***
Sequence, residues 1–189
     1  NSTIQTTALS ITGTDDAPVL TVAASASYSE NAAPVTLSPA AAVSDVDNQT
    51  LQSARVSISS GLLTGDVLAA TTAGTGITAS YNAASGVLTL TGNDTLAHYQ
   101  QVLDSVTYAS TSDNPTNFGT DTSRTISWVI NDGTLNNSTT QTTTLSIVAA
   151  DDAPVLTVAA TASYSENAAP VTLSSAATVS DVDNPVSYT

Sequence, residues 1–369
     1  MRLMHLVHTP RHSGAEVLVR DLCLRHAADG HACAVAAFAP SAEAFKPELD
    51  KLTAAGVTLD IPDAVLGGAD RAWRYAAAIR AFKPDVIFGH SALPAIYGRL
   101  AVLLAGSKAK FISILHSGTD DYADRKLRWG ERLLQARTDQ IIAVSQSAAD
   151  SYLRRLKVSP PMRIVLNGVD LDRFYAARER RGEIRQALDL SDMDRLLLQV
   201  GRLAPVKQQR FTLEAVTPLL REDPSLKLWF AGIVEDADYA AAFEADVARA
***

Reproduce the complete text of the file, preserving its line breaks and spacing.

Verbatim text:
Sequence, residues 1–189
     1  NSTIQTTALS ITGTDDAPVL TVAASASYSE NAAPVTLSPA AAVSDVDNQT
    51  LQSARVSISS GLLTGDVLAA TTAGTGITAS YNAASGVLTL TGNDTLAHYQ
   101  QVLDSVTYAS TSDNPTNFGT DTSRTISWVI NDGTLNNSTT QTTTLSIVAA
   151  DDAPVLTVAA TASYSENAAP VTLSSAATVS DVDNPVSYT

Sequence, residues 1–369
     1  MRLMHLVHTP RHSGAEVLVR DLCLRHAADG HACAVAAFAP SAEAFKPELD
    51  KLTAAGVTLD IPDAVLGGAD RAWRYAAAIR AFKPDVIFGH SALPAIYGRL
   101  AVLLAGSKAK FISILHSGTD DYADRKLRWG ERLLQARTDQ IIAVSQSAAD
   151  SYLRRLKVSP PMRIVLNGVD LDRFYAARER RGEIRQALDL SDMDRLLLQV
   201  GRLAPVKQQR FTLEAVTPLL REDPSLKLWF AGIVEDADYA AAFEADVARA